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Osteopetroses

(Marble Bones)

By

Frank Pessler

, MD, PhD, Helmholtz Centre for Infection Research

Medically Reviewed Nov 2022
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Osteopetroses are a group of rare hereditary disorders that increase the density of bones and cause bones to grow abnormally.

  • These disorders occur when the body does not recycle old bone cells.

  • Typical symptoms include impaired bone growth and thick bones that easily break.

  • The diagnosis is based on symptoms and x-rays.

  • Osteopetrosis that occurs in infancy may be fatal if not treated.

  • There is no cure, but some treatments can help relieve problems caused by the disorders.

Osteopetroses result from abnormalities in certain genes. These abnormal genes are hereditary. That is, they may be passed down from parent to child.

Bone cells constantly but slowly form, live for a period, and then are reabsorbed, a recycling process. In osteopetrosis, the body does not recycle old bone cells. The result is increased density or thickness of the bones and an alteration in how the bones are shaped. These changes make bones weaker than normal. The dense bone tissue also crowds out the bone marrow, which is where blood cells are formed.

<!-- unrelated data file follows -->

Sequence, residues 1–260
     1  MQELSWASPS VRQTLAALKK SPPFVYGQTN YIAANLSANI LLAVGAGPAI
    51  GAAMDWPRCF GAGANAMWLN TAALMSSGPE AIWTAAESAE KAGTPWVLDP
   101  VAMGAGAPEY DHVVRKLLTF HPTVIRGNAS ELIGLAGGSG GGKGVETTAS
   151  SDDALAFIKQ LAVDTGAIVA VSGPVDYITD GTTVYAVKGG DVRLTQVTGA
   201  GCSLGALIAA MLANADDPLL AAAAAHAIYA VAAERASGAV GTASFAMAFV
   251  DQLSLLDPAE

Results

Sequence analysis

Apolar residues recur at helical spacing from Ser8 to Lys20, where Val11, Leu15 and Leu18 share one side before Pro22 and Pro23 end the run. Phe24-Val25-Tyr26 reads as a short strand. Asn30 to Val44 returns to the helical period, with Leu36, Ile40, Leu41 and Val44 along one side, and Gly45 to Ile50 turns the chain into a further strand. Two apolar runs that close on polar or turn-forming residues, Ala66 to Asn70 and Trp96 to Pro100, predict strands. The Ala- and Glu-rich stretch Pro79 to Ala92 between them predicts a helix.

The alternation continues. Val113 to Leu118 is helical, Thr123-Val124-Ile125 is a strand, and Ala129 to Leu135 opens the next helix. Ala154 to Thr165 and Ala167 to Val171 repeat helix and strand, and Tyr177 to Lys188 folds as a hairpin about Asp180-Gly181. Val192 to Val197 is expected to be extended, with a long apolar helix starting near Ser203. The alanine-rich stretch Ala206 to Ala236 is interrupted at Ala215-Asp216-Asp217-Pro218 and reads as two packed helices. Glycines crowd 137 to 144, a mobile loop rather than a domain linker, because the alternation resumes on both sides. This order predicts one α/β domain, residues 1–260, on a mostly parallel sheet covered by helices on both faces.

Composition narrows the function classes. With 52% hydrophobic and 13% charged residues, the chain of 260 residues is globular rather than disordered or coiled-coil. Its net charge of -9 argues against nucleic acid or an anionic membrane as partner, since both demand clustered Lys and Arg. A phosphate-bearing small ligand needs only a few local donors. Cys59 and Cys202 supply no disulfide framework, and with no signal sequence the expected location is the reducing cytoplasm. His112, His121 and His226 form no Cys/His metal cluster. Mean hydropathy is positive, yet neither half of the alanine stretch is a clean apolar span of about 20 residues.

Osteopetroses range from mild to severe and can even be life threatening. Symptoms of osteopetroses may begin in infancy (early onset) or later in life (delayed onset).

Symptoms of Osteopetroses

Although osteopetroses comprise a range of different disorders, many of the same symptoms develop in most of them. Bone growth is usually impaired. Bones thicken and break easily. Formation of blood cells may be impaired because there is less bone marrow, leading to anemia Overview of Anemia Anemia is a condition in which the number of red blood cells is low. Red blood cells contain hemoglobin, a protein that enables them to carry oxygen from the lungs and deliver it to all parts... read more , infection, or bleeding.

An overgrowth of bone in the skull can cause pressure in the skull to increase; compress nerves, causing facial paralysis or loss of vision or hearing; and can distort the face and teeth. The bones in the fingers and feet, the long bones of the arms and legs, the spine, and the pelvis may be affected.

Diagnosis of Osteopetroses

  • X-rays

When the person has no symptoms, osteopetrosis is sometimes detected only by chance, after a doctor sees very dense bones on x-rays taken for an unrelated purpose.

Prognosis for Osteopetroses

Late-onset osteopetrosis is often very mild.

Treatment of Osteopetroses

  • Corticosteroids

  • Sometimes stem cell transplantation

  • Sometimes surgery

There is no definitive cure for osteopetrosis.

Corticosteroids, such as prednisone, decrease the formation of new bone cells and may increase the rate of removal of old bone cells, strengthening bones. Corticosteroids may also help relieve bone pain and improve muscle strength.

Fractures, anemia, bleeding, and infection require treatment.

If nerves going through the skull are compressed, surgery may be required to take pressure off the nerves. Surgery may also be needed to relieve increased pressure in the skull. Plastic surgery may be done to correct severe deformities of the face and jaw.

Orthodontic treatment may be needed to correct distorted teeth.

Drugs Mentioned In This Article

Generic Name Select Brand Names
Deltasone, Predone, RAYOS, Sterapred, Sterapred DS
NOTE: This is the Consumer Version. DOCTORS: VIEW PROFESSIONAL VERSION
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